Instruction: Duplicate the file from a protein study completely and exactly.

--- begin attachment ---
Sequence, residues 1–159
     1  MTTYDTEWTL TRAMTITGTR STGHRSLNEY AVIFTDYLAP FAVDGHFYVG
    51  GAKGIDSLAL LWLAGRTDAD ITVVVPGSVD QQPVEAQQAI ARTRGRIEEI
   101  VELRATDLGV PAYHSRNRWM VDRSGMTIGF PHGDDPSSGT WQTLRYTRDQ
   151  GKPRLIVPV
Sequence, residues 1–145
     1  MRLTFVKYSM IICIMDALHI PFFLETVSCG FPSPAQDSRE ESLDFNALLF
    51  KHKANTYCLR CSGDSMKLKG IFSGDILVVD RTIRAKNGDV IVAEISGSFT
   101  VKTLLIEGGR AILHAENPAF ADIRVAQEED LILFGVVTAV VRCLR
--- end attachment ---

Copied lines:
Sequence, residues 1–159
     1  MTTYDTEWTL TRAMTITGTR STGHRSLNEY AVIFTDYLAP FAVDGHFYVG
    51  GAKGIDSLAL LWLAGRTDAD ITVVVPGSVD QQPVEAQQAI ARTRGRIEEI
   101  VELRATDLGV PAYHSRNRWM VDRSGMTIGF PHGDDPSSGT WQTLRYTRDQ
   151  GKPRLIVPV
Sequence, residues 1–145
     1  MRLTFVKYSM IICIMDALHI PFFLETVSCG FPSPAQDSRE ESLDFNALLF
    51  KHKANTYCLR CSGDSMKLKG IFSGDILVVD RTIRAKNGDV IVAEISGSFT
   101  VKTLLIEGGR AILHAENPAF ADIRVAQEED LILFGVVTAV VRCLR